The head of China’s largest dairy firm, Sanlu Group, has argued that the country’s lack of regulations regarding a toxic chemical contributed to a tainted milk scandal that sickened nearly 300,000 infants, and killed at least six, state-run media reported.
She is exactly correct.
She is expected to be sentenced to life imprisonment although a verdict may not be reached for several weeks, the official Xinhua News said.
Earlier reports indicated that the 66-year-old executive could face the death penalty.
Her crime is that her business added melamine to milk: a practice common in China for decades.
This is a show trial conducted before state media by a communist government.
Sanlu put melamine into milk. Case closed.
Except in China, workers put melamine into all kinds of food products for years.
Melamine, which is poisonous to humans in great enough concentrations, had been routinely mixed into food products in China for years — and other similar tainted substances for decades. The reason this issue exploded on to the international scene was the deaths of children — not the communist government’s honesty and righteousness….
A Chinese nurse attends to a baby who became ill after drinking contaminated milk powder in September 2008. At least six infants died. The former head of the Chinese firm at the centre of the tainted milk scandal could face the death penalty if convicted. Tian Wenhua is standing trial. But China’s government is the real guilty party….(AFP/File/Str)
I pesonally saw improper use of chemicals like animal feed, melamine and fertilizer added to food products in China starting in the 1970s — so this issue is not new. The New York Times investigated this issue in 2007 and found the use of melamine “an open secret” amoung tens of thousands of farmers and vendors.
It is good the world community is now aware of this practice and that China is taking action….But executions of those found guilty now, or even prison, is just wrong, a violation of the most basic human rights, and only used to show action on the part of the Chinese government following tragic infant deaths.
The government itself will never admit guilt because they then would be open to tens of thousands of lawsuits.
“There is no transparency in the process. They are behaving like there is something to hide,” said Teng Biao, a Beijing lawyer who has been trying to bring a lawsuit on behalf of 111 parents. “They are completely excluding the victims.”
That is because China’s government does have much to hide. This is a kangaroo court.
“Many companies buy melamine scrap to make animal feed, such as fish feed,” said Ji Denghui, general manager of the Fujian Sanming Dinghui Chemical Company, which sells melamine. “I don’t know if there’s a regulation on it. Probably not. No law or regulation says ‘don’t do it,’ so everyone’s doing it. The laws in China are like that, aren’t they? If there’s no accident, there won’t be any regulation.”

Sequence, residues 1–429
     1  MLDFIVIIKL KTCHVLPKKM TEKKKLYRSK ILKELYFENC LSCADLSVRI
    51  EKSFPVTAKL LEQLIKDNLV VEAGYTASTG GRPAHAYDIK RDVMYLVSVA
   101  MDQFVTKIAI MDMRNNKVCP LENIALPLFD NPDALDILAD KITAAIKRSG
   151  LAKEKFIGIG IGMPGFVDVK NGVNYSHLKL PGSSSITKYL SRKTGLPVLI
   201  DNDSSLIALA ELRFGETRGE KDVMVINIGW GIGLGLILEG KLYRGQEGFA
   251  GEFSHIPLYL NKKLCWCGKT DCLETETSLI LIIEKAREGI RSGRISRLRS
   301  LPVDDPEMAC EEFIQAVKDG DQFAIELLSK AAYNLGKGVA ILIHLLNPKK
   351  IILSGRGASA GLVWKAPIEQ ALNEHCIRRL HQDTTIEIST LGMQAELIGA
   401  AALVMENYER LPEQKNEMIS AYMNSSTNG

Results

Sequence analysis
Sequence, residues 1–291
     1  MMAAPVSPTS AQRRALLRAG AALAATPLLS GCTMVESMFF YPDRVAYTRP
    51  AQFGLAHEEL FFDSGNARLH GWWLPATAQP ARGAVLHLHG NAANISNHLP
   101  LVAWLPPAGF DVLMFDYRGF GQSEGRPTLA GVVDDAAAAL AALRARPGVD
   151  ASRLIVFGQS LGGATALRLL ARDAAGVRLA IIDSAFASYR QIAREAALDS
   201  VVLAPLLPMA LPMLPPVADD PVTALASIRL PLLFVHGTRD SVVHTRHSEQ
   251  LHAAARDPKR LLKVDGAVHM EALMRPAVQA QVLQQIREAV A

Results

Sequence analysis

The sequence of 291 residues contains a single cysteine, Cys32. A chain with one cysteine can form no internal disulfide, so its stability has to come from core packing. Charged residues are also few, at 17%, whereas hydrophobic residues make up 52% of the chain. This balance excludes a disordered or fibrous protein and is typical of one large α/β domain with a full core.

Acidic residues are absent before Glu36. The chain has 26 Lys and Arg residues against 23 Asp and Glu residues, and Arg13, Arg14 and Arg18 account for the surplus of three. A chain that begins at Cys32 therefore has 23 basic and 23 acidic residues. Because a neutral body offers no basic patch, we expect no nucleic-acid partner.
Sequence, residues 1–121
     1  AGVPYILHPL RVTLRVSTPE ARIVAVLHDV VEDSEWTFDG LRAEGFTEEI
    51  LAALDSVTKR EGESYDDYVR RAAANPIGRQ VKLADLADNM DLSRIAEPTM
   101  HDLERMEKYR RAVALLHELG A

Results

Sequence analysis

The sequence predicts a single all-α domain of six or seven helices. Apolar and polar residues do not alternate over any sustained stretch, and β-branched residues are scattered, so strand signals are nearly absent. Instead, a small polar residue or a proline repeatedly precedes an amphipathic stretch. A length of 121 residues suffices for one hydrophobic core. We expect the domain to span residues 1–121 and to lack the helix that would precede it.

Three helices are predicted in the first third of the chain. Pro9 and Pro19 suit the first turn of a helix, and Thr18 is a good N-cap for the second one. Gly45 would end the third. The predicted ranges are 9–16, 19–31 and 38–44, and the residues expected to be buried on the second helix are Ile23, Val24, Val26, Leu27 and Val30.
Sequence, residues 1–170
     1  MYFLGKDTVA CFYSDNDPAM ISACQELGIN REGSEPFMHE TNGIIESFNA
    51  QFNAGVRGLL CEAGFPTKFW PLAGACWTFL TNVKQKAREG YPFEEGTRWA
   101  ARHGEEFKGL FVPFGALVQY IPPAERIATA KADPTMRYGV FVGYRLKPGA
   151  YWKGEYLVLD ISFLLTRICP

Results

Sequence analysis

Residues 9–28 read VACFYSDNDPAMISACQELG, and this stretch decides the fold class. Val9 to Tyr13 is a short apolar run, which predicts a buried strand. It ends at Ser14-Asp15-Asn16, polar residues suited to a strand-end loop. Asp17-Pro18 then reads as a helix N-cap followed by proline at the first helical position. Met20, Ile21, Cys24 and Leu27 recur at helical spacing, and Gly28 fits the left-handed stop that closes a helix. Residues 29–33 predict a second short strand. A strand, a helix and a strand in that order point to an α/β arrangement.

Ji Denghui made that statement in 2007 to New York Times reporters David Barboza and Alexei Barrionuevo.
Above: Victims’ relatives outside a court hold banners that read “cannot deprive the victims’ rights.”
Beijing’s government has little or no control over the millions of small manufacturers and farmers in the vast countryside of this rural nation of 1.3 billion people. Until this last summer’s Olympics, Beijing had never even had food sanitation and safety standards written much less enforced for restaurants — a very basic of health safety systems taken for granted in the West.
By John E. Carey
Wakefield Chapel, Virginia
China: Another New Melamine Scandal; Poisoned Food Products
From The New York Times:
China: Redefining “Superpower” to Mean Economic and Military Strength Without Human Rights
Above: Tian Wenhua, chairwoman of the now-bankrupt Sanlu Group, enters a courthouse in China. Photo: Ding Lixin / Associated Press
Tian Wenhua, former board chairwoman and general manager of Sanlu, pleaded guilty Wednesday to her role in the scandal. She and three other executives are on trial for producing and selling fake or substandard products, according to Xinhua news agency.
In a statement distributed by her attorney on Thursday, Tian said China should consider the standards of the European Union regarding the chemical melamine. She also said other independent companies under the Sanlu umbrella produced some of the “tainted milk powder” and their leaders should also shoulder some responsibility.
Tian said she did not intentionally sell tainted product and had taken several steps aimed at making up for the harm caused, Xinhua reported.
In her closing statement, Tian tearfully apologized.
“If it meant that I could get back the health of all the sick children, I would be willing to accept any legal punishment,” she said.
The three other executives on trial are former deputy general managers Wang Yuliang and Hang Zhiqi, and Wu Jusheng, a former executive heading Sanlu’s milk division.
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